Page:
• Façade: The greatest line item in the budget was earmarked for the façade.
  • Conviction: We had the best and the brightest on the design team.

The Tower at PNC Plaza

The Tower at PNC Plaza is the physical manifestation of the abundant resources that we had available. It is the greenest high rise in the world and yes, we did not ask for, nor were granted, any additional budget to achieve it. The resulting project is a complete rethink of the standard high rise solution, and one turned away from a conventional solution.

There is no greater example of where the Abundance approach can lead you than to look at how The Tower literally breathes. Conventional high rise design attempts to limit spending on the façade as a means to achieve affordability. The skin is typically made air tight with no openings, and is tinted/reflective to reduce solar loads. This closed model requires mechanical ventilation. Ventilation units take air from the top, force it down to each floor, then returns it to the top of the building to exhaust it. Energy is spent moving fresh air from the top to the bottom of the shaft even though fresh air is literally on the other side of the window on every floor. That’s scarcity, not abundance. With abundance we can choose to spend less money on on the most expensive things.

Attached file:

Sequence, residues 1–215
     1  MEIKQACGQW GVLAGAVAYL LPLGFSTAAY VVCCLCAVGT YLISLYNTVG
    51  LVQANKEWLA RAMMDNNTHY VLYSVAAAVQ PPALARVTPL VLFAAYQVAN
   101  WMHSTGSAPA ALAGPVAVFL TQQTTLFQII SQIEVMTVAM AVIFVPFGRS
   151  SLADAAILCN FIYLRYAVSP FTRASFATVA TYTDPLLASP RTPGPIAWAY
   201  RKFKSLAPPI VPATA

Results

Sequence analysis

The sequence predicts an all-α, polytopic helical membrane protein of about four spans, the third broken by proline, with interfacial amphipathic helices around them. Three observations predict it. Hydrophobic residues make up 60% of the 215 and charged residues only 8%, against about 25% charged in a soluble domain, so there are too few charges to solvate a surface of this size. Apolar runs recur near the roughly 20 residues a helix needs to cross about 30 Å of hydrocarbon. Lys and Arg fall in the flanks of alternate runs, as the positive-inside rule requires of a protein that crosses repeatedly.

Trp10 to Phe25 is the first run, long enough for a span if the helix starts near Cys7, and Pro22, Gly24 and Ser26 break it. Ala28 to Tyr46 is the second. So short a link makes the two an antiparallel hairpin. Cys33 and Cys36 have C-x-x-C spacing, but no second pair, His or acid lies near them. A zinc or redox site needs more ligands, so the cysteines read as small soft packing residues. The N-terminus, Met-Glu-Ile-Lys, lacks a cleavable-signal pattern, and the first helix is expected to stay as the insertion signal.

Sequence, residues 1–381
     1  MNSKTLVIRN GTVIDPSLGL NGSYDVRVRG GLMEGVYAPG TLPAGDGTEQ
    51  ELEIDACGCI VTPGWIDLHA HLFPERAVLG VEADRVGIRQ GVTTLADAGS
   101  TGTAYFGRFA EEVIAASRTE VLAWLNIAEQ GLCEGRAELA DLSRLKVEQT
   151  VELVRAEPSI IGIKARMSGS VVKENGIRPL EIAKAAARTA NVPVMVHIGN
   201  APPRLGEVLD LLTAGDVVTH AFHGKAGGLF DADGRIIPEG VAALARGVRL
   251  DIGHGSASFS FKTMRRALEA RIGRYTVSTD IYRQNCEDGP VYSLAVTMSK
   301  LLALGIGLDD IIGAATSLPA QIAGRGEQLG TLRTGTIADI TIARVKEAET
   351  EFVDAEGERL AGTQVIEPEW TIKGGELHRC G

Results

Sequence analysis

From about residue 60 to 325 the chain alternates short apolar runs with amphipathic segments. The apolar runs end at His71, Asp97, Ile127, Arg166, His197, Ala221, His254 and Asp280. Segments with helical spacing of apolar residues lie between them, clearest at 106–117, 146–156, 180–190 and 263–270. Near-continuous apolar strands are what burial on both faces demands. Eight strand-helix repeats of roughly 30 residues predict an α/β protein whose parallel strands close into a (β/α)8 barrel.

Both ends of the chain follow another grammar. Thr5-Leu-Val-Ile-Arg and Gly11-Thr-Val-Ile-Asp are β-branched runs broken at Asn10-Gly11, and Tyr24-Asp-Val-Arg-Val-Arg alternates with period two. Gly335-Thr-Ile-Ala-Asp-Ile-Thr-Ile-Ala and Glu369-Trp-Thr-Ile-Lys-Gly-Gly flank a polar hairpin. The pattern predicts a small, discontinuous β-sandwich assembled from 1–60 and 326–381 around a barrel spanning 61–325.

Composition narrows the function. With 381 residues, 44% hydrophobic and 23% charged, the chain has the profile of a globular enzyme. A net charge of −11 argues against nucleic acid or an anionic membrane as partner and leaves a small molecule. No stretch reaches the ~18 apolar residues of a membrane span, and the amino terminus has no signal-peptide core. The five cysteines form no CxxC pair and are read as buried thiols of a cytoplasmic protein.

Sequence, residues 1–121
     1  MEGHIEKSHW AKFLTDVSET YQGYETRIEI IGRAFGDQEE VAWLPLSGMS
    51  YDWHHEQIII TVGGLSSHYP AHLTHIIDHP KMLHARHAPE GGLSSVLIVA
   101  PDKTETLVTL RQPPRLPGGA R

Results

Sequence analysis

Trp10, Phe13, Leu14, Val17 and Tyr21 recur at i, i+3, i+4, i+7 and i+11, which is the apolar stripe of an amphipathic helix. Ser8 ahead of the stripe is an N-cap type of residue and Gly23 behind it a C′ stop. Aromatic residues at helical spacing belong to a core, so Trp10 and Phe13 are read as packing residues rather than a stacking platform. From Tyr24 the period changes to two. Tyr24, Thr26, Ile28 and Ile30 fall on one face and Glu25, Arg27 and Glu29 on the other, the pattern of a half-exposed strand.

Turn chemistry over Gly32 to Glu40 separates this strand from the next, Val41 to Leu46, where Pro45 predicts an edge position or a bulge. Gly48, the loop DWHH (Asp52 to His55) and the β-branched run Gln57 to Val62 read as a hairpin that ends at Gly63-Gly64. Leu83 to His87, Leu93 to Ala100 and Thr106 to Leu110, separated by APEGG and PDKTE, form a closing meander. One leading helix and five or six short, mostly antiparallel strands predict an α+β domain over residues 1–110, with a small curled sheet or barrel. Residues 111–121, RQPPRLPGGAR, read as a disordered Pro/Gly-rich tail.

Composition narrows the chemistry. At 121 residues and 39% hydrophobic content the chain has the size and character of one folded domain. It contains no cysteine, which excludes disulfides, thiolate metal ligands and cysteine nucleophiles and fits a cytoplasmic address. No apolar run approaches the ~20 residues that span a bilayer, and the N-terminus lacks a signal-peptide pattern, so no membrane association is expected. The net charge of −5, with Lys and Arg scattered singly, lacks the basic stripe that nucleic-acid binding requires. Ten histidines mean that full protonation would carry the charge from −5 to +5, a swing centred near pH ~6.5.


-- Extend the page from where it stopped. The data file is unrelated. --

So we took the opposite approach.

We said: What if we used the abundance of height to take advantage of the buoyancy of hot air to move air without fans at all? What if we increased our spend on the façade to allow fresh air to enter the building in the shortest distance possible? What if we used our abundance of exposure to capture more solar radiation? What if we engaged our employees to help us operate the building?

The result? A solar collector sits on the roof creating a heat source that increases the temperature differential in a chimney that runs the entire height of the building to increase the draw of air. The chimney captures exhaust air from each floor that has collected heat and CO2 from employees and equipment on its path from the facade. A series of 5’ x 10’ sliding glass doors are operated by employees to self-modulate the amount and velocity of fresh air that comes through the double skin. Outer windows of the double façade automatically pop out to modulate temperature differential between indoors and out to ensure thermal comfort.